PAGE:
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Talmont-Saint-Hilaire (Municipality, Vendée, France)

Last modified: 2020-01-29 by ivan sache
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Flag of Talmont-Saint-Hilaire - Image by Olivier Touzeau, 3 January 2020

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Presentation of Talmont-Saint-Hilaire

The municipality of Talmont-Saint-Hilaire (7,657 inhabitants in 2017; 9,048 ha) is located in coastal Vendée.

Talmont was first associated with Saint-Hilaire-de-Talmont in Ventôse of the Year III (winter 1795) but the two municipalites separated in Floréal of the Year IV (spring 1796). Under the July Monarchy, a new union of the two unicipalities, which took the name of Talmont-Saint-Hilaire, was estalished by a Royal Decree issued on 11 1834. However, Saint-Hilaire and Talmont were restored by a Law issued on 24 October 1849.
Enclosed by Saint-Hilaire-de-Talmont, the town of Talmont obtained by a Law issued on 25 July 1860 the transfer of a portion of the town of Saint-Hilaire to its own.
On 27 December 1973 the third and final merger was pronounced between the two municipalities which, as of January 1, 1974, formed Talmont-Saint-Hilaire.

Talmont castle was the seat of the Principality of Talmont, located at the far west of the former province of Bas-Poitou. Built on a height, its defensive character was reinforced by the fact that the Atlantic Ocean bathed its moat twice a day.
The first fortifications date from 1025 under the decision of Guillaume le Chauve, lord of Talmont. He may have built a mound for the castle, which still exists in the form of a small hill invaded by trees, visible in a garden in Talmont. In 1050, he judged this mound too small and, at the site of a ruined church dedicated to St. Peter, located a little further south, he decided to build a fortified stone castle, probably one of the first in Vendée. He kept the bell tower and porch of the church, which forms a square tower, in order to make a dungeon and added a stone wall closing a small courtyard. He flanked the dungeon with a stair tower and added a building against the north wall.
Around 1170, Richard the Lionheart asked the Lord of Talmont, his friend Raoul III de Mauléon, to strengthen the fortress. Thus a new enclosure flanked by several round towers came to double that of the 11th century. It is also perhaps from this period that an urban wall was erected which fortified the town of Talmont established at the foot of the fortress. To enter the city, there were five gates.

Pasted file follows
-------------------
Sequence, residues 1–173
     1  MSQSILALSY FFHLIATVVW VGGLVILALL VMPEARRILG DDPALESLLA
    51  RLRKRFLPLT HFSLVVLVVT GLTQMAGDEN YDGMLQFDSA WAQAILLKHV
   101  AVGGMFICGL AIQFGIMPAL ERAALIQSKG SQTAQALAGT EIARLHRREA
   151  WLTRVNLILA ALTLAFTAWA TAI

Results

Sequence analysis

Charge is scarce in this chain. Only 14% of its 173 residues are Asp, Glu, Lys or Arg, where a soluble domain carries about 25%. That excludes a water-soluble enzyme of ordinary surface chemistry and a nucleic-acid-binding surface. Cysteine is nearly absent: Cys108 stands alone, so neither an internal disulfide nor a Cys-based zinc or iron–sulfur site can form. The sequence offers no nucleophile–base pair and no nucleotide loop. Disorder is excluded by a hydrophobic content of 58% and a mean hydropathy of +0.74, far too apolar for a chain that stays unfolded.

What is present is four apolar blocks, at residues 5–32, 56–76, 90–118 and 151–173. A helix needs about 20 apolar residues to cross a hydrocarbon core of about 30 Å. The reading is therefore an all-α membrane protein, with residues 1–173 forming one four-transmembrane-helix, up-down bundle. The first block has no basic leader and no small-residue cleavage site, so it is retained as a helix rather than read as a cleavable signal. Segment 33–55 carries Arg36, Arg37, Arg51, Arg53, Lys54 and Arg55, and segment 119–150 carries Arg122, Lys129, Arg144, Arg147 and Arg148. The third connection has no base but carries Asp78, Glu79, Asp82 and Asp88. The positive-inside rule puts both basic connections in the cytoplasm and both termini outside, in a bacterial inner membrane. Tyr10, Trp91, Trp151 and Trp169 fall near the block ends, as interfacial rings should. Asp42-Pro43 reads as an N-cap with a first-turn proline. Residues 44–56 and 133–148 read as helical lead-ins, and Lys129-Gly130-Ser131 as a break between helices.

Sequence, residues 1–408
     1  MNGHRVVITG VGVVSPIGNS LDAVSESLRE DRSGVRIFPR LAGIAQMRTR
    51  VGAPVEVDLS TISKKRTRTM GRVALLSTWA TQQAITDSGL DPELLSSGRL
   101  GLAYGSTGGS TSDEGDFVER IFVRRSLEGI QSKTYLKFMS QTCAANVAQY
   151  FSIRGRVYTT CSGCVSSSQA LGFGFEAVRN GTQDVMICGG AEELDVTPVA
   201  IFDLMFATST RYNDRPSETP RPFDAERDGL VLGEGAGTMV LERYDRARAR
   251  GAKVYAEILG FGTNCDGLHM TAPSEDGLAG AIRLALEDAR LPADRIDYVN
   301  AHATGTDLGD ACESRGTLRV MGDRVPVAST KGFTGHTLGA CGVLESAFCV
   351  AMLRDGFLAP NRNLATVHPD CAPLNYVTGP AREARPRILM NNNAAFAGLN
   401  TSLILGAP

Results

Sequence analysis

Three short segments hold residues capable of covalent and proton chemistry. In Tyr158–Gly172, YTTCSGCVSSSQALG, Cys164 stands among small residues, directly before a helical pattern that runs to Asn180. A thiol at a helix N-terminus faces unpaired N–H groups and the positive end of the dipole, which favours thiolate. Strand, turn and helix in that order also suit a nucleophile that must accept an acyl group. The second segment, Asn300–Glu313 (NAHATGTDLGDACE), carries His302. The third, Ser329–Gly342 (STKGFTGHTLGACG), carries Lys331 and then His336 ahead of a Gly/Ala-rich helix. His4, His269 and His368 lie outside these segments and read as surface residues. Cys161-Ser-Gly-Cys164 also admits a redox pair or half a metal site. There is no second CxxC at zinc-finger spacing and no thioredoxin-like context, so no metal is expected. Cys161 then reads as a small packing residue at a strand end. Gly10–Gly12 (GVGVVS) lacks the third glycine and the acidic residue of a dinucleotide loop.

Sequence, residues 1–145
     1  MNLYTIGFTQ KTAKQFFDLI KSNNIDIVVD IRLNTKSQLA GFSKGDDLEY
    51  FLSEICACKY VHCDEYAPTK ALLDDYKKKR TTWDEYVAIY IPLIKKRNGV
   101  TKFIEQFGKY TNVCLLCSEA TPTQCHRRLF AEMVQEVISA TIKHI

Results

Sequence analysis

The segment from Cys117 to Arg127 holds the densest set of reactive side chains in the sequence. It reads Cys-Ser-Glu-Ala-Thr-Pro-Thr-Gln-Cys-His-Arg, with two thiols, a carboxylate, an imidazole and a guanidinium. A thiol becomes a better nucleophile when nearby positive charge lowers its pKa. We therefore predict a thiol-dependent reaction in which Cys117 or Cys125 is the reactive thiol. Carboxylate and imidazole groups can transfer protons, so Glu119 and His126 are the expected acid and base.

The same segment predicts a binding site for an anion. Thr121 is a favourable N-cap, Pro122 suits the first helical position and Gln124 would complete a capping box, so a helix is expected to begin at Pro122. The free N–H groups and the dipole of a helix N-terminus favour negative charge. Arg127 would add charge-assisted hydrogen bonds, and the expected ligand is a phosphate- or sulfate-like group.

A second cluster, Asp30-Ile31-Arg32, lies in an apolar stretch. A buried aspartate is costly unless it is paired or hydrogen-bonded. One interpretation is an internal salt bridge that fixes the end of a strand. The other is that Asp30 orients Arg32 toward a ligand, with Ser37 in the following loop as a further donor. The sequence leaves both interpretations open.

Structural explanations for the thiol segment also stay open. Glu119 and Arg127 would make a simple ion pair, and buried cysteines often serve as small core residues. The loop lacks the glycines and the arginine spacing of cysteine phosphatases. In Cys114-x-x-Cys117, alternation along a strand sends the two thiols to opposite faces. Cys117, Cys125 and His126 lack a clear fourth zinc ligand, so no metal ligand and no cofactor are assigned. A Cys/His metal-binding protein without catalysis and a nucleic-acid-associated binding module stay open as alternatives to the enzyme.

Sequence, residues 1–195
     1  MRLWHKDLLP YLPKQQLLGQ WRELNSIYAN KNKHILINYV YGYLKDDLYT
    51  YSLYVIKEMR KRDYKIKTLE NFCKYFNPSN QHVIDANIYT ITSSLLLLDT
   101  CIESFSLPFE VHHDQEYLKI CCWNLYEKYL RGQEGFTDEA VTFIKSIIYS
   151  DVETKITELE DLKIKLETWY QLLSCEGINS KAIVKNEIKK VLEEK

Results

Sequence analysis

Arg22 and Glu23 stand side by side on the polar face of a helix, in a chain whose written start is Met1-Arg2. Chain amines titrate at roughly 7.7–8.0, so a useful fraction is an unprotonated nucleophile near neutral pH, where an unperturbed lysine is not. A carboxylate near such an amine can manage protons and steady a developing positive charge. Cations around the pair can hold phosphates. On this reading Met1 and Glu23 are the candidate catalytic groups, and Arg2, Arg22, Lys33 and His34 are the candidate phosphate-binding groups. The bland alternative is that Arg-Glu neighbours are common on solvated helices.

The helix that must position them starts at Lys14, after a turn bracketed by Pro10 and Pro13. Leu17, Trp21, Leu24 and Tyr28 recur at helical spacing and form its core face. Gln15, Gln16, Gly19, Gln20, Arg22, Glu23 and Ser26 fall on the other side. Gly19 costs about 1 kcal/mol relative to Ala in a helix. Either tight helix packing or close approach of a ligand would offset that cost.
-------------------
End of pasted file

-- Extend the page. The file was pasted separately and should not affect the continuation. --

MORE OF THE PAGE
The seigneury of Talmont belonged to the Talmont, during the 11th century, then it passed to the family of Lezay, whose last heiress brought the lordship to the family of Mauléon in dowry, in 1140.
Between the 11th century and the very end of the 12th century, from Guillaume le Chauve to Raoul III de Mauléon, the seigneury of Talmont was actually a joint lordship shared between the lord bearing the title of sire de Talmont, and the duke of Aquitaine who was also count of Poitou. During the Hundred Years' War, Louis de Thouars, loyal supporter of French king Jean le Bon, decided to pretend to be crazy after the Treaty of Brétigny, and took refuge in the castle of Talmont. His wife Ysabeau d'Avaugour, who on the contrary was on the side of the English, delivered the domain to the Black Prince. The latter wanted to check if the viscount was really mad, and sent an investigator to Talmont. The hoax was discovered, and the Black Prince confiscated the property of Louis de Thouars, to force him to take his oath, and thus recover his property. The viscount did the same, but he died in 1370.

King Charles V launched a reconquest of the fortresses lost because of the Treaty of Brétigny, leaving his constable Bertrand du Guesclin and his lieutenant Olivier V de Clisson to besiege them one by one to dislodge the English. In 1372, the king forced Ysabeau d'Avaugour to submit to the crown of France. The new count of Poitou was then Charles V's brother, Jean de Berry. The seigneury of Talmont was then disputed between the daughters of Louis de Thouars (Pernelle, Isabeau and Marguerite) and their stepmother Ysabeau d'Avaugour.
In the 15th century, king Louis XI donated it to his historiographer Philippe de Commynes.
The castle was besieged in the 16th century by Henri de Navarre and its keep was dismantled in the 17th century by Richelieu so that the English and their allies could not settle permanently in Poitou.
The last family with the title of Prince of Talmont was the La Trémoille family.

Olivier Touzeau, 3 January 2020

Flag of Talmont-Saint-Hilaire

The flag of Talmont-Saint-Hilaire (photo, photo) is red with the municipal logo adpted in 2015. The former flag (photo) was white with the former municipal logo.
The flag is flown over the castle, which often flies a red banner with three lions passant-guardant (photo, photo), recalling the second Great Seal of Richard I.

Olivier Touzeau, 3 January 2020